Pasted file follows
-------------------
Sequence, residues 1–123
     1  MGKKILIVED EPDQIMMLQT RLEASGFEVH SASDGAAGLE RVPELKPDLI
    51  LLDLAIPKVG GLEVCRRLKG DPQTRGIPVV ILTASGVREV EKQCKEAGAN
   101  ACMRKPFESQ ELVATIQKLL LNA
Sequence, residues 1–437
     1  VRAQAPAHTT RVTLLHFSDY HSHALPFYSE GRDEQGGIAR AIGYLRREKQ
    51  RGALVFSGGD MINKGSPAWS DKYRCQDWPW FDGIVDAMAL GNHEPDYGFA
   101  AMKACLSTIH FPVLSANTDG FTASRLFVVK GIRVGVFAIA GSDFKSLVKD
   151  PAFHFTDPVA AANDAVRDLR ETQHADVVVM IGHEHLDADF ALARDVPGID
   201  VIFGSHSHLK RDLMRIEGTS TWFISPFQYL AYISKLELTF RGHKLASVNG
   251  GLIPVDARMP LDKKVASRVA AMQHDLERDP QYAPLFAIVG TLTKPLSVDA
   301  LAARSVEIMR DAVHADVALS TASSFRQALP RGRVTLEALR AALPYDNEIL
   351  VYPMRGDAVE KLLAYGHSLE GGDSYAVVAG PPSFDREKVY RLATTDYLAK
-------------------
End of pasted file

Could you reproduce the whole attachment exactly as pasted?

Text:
Sequence, residues 1–123
     1  MGKKILIVED EPDQIMMLQT RLEASGFEVH SASDGAAGLE RVPELKPDLI
    51  LLDLAIPKVG GLEVCRRLKG DPQTRGIPVV ILTASGVREV EKQCKEAGAN
   101  ACMRKPFESQ ELVATIQKLL LNA
Sequence, residues 1–437
     1  VRAQAPAHTT RVTLLHFSDY HSHALPFYSE GRDEQGGIAR AIGYLRREKQ
    51  RGALVFSGGD MINKGSPAWS DKYRCQDWPW FDGIVDAMAL GNHEPDYGFA
   101  AMKACLSTIH FPVLSANTDG FTASRLFVVK GIRVGVFAIA GSDFKSLVKD
   151  PAFHFTDPVA AANDAVRDLR ETQHADVVVM IGHEHLDADF ALARDVPGID
   201  VIFGSHSHLK RDLMRIEGTS TWFISPFQYL AYISKLELTF RGHKLASVNG
   251  GLIPVDARMP LDKKVASRVA AMQHDLERDP QYAPLFAIVG TLTKPLSVDA
   301  LAARSVEIMR DAVHADVALS TASSFRQALP RGRVTLEALR AALPYDNEIL
   351  VYPMRGDAVE KLLAYGHSLE GGDSYAVVAG PPSFDREKVY RLATTDYLAK